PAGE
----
OSU Football: How Braxton Miller's Surgery Impacts Buckeyes' Spring Practice

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OSU Football: How Braxton Miller's Surgery Impacts Buckeyes' Spring Practice
USA Today

Last week, it was revealed that Ohio State quarterback Braxton Miller was having an operation on his throwing shoulder. According to Tim May in the Columbus Dispatch, this is a minor surgery, but it is expected to limit Miller's activity this spring game. 

Having to undergo surgery is never good, however minor others believe it to be. Yet in this case, it could be a big blessing in disguise.

That's because there is no Kenny Guiton behind Miller, no backup we all have seen be a plug-and-play option should anything happen to Miller. 

Cary Edmondson-USA TODAY Sports

Behind Miller is a group that has thrown a grand total of two collegiate passes, both by presumed backup Cardale Jones. 

Jones also added 128 rushing yards on 17 attempts in his three games of action in 2013. So, while we've seen his ability in the run game at times, there's much more to playing quarterback than being able to run the ball. 

The other quarterback under the spotlight for spring football this season is redshirt freshman J.T. Barrett. He is a former 4-star recruit, according to 247Sports.

Joining those two is early entrant Stephen Collier, a 3-star recruit who could really benefit from the extra work, even if he is likely on the outside looking in for the backup spot come the fall. 

If offensive coordinator Tom Herman gets his way, Jones will be getting the first look with the starters. As he told Doug Lesmerises of Cleveland.com about how he sees the spring rotation working behind Miller:

Based on pure game experience and the fact that he’s been in the program, I think Cardale Jones has earned the right to take the very first rep with the second team. Now, how many he’ll get from that point forward and how long or short his leash is will be up to him and then up to how J.T. makes the most of his reps and Stephen as well.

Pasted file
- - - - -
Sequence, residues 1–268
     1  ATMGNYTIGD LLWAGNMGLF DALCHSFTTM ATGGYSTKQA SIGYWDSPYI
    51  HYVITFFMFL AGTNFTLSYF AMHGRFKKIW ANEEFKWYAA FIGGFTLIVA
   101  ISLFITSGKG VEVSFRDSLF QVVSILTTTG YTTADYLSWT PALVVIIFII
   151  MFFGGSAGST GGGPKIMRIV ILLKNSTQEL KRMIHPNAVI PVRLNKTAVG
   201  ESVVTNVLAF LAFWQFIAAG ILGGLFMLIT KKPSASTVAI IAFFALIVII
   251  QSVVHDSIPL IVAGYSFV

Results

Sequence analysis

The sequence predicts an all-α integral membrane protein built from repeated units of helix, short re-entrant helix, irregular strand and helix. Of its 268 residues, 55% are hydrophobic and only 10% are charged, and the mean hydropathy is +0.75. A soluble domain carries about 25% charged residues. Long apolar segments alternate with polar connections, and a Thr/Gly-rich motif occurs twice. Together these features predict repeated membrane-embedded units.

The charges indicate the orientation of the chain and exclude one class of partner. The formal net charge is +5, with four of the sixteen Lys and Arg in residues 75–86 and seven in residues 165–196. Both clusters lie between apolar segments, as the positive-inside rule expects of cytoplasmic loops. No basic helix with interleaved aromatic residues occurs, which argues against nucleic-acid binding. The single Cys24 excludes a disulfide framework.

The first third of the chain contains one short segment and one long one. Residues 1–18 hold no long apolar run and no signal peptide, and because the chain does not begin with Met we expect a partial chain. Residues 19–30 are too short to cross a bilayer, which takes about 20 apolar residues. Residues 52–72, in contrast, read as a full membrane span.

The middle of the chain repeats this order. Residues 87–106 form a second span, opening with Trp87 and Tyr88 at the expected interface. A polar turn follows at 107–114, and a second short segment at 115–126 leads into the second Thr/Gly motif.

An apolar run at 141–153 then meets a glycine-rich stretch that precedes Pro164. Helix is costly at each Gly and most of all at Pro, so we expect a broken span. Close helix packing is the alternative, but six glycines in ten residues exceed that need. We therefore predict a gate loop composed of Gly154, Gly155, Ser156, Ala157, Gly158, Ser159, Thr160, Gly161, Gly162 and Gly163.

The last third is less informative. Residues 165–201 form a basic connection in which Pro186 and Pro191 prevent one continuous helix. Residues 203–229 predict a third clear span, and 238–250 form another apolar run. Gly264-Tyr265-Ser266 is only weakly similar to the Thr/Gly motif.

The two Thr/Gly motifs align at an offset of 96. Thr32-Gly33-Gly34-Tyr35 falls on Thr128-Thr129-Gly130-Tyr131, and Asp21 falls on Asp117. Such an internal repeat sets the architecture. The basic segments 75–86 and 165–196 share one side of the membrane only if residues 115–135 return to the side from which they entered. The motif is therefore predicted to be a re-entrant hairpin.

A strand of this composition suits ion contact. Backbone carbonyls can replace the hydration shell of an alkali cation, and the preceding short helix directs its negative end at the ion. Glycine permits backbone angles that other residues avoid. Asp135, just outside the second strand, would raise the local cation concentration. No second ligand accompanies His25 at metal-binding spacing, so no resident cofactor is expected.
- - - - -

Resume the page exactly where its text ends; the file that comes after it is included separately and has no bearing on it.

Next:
Jones and Barrett will also be working with a new offensive line and a revamped wide receiver corp. It's something that could help Barrett the most, as he worked heavily as the scout team quarterback with a lot of the other redshirt players. 

In those moments, Herman was able to see Barrett has the "it factor," according to Lesmerises' article: 

You want to talk about intangibles and just being able to feel when guys kind of have that it factor, he’s got that. He has a quick release, he’s pretty accurate, and those things are what drew us toward him. Now he’s done laying in the weeds, now he has to get out of the weeds and attack this thing.

As for the rest of the young guys, the good news is, Miller was exuding excitement over the future of the line and the wide receivers before his surgery.

"The young guys, redshirting last year, they got big shoes to fill," Miller told Lesmerises.  "They're going to be outstanding when they first step out at spring practice...they're going to be a lot of guys around me this year. It's going to be more fun." 

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If Miller was looking forward to playing with this group in the spring, imagine what Jones and Barrett are feeling. After all, those two have been working with the younger players on the roster all of last year. 

The chemistry between those quarterbacks and the rest of the young players could play a key role in what happens this spring. 

While there will be a lot of focus on the two, the good news is, there is still a full year before a new starter will need to be in place. So, watching to see who stands out will be fun, but it won't be essential to the success of the Buckeyes in 2014. 

The team is going to be in trouble if it is without Braxton Miller anyway. Having no Carlos Hyde behind him means no crutch to lean on with a young and inexperienced quarterback. 

For the Buckeyes, 2014's spring camp and game will be all about exposing the young players—especially the quarterbacks—to as many reps as possible in hopes of having someone emerge as a playmaker for the future. 

 

*Andy Coppens is Bleacher Report's lead writer for Big Ten football. You can follow him on Twitter: @ andycoppens

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